The Rangers have completely flipped the script on their 'soft' reputation

Jacob Trouba, among others, has played a key role in reshaping the Rangers narrative.

Welcome to 10 Insights and Observations. Every week, I’ll use this space to highlight teams, players, storylines and general musings around the NHL.

This week we look at playoff formatting, the Flyers facing reality, risks worth taking, Jack Campbell's resurgence, the Rangers becoming bullies and more.

Rangers have become bullies since Wilson-Panarin debacle

Monday's New York Rangers-Calgary Flames game at Madison Square Garden (because where else would it be) is an easy contender for best regular season game of this campaign. It had everything that makes hockey great: speed, physicality, emotion, dramatic goals, a buzzing crowd and a sudden-death ending.

What really stood out, though, is that the Rangers are now the bully.

It was May of 2021 when Tom Wilson engaged with Artemi Panarin and sent shockwaves throughout the Rangers organization. It essentially cost GM Jeff Gorton his job. He later said as much on a podcast. “I didn't think that night was going to be what it turned into where people are going to lose their jobs. And it's going to be forever remembered as what it is,” Gorton said on the Cam & Strick Podcast.

They went out and acquired Ryan Reaves after. They added Barclay Goodrow and even Sammy Blais. There was a clear directive in place to get tougher.

And in a January game against a Flames team that has some notable sandpaper throughout their lineup, they were the hunters, not the hunted. Jacob Trouba threw two monster hits. Blais took a big run at Milan Lucic. They didn’t back down from any scrum. Even with Blais getting dealt to the Blues on Thursday, this team should still thrive in the physicality department. I’m not here to say this will lead them to the promised land one way or another, but the organization had a clear goal and it appears they have very much accomplished it — they're not a team that gets pushed around. For whatever it’s worth, they are seventh in the league in hits per team (they were 15th in 2021).

Jacob Trouba's mean streak is rubbing off on the Rangers and changing their reputation around the NHL. (Getty)
Jacob Trouba's mean streak is rubbing off on the Rangers and changing their reputation around the NHL. (Getty)

Caps' blue line holding up just fine without John Carlson

John Carlson has only played 30 games this season, the last of which was on Dec. 23 right before Christmas. At the time of his injury, Carlson was leading all Capitals defensemen in ice time per game, logging 23:24 per night while also putting up 21 points in those outings. Those are big minutes and production to replace.

To no surprise, Dmitri Orlov, who was playing around a minute and a half less than Carlson, is now averaging a hair more than what Carlson was at 23:32 per game. That increase has come at even strength, where he's been playing just over 21 of his minutes since Carlson got hurt. In that time, there are only six other defensemen in the league who have been playing more per night. He's been a horse.

The biggest benefactor, though, has been Erik Gustafsson, jumping from fifth to second in the ice-time pecking order among defensemen. It’s not just power-play time either — he’s only playing 50 seconds more with the man advantage per game. He leads all Capitals defensemen in scoring in that time with 12 points in 17 games, with a whopping 10 of those points coming at even strength.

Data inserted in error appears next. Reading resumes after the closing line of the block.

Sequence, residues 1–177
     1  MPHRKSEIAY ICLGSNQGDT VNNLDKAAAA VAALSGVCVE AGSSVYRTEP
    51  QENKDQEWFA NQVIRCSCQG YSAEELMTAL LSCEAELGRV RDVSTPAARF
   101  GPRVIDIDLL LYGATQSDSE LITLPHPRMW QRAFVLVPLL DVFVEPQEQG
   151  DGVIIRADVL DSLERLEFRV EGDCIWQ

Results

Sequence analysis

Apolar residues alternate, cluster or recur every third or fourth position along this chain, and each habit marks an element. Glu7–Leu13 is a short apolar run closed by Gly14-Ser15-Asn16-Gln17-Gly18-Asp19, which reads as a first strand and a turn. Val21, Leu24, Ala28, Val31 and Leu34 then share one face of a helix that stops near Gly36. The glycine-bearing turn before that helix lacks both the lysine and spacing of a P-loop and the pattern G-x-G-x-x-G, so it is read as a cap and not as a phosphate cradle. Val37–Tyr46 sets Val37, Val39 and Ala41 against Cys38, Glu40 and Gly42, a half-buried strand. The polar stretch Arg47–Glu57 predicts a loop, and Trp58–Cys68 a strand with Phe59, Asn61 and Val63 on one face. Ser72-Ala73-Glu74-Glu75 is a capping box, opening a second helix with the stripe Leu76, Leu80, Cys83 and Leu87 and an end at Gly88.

He’s had one of the stranger careers I can remember, highlighted by a 17-goal, 60-point season with the Blackhawks in 2018-19. He tailed off the following season, then got traded to the Flames shortly before the league shut down due to the COVID-19 pandemic and ended up playing in all 10 of their playoff games. Then he signed in Philly as they started to take a downturn, got traded to the Canadiens and played in 16 playoff games as they went to the Cup final. He then signed back with the Blackhawks and wasn’t able to recreate his magical season before signing a one-year, $800,000 deal last summer with Washington, where he’s up to seven goals and 29 points in 52 games while picking up big minutes with their franchise defenseman injured.

His partner, Trevor Van Riemsdyk, is also playing two and a half minutes more on average, now logging 20 per night. They are crushing their minutes, too, hovering around 54 percent in all major categories and outscoring opponents by five at even strength. “TVR” is the steady, defensive righty, while Gustafsson is the fast, puck-moving offensive weapon.

Meanwhile, Carlson’s regular partner, Martin Fehervary, is playing a minute and a half less per game since Carlson's gone down. An injury to a big-time player has so many domino effects and it’s always fascinating to see how it plays out and who steps up.

Islanders get trade-deadline party started early

If nothing else, in a risk-averse league, you have to admire the Islanders going for it. They are firmly a bubble playoff team in an 82-game regular season, but they have a roster that's built to cause trouble in the playoffs.

Ilya Sorokin is one of the best goalies in the world. That alone can get you very far. Adam Pelech and Ryan Pulock are a good shutdown pair that generally ends up outscoring their opponents. Noah Dobson has slowed down offensively but is still one of the better goal-scoring threats from the point. Scott Mayfield is good.

They are deep down the middle now with Bo Horvat, Mat Barzal, JG Pageau, Brock Nelson and Casey Cizikas all in the fold. This is a veteran group that has been to multiple conference finals — they know the grind. We always hear how playoff hockey is different from regular season hockey because it’s true. But you have to make the playoffs first.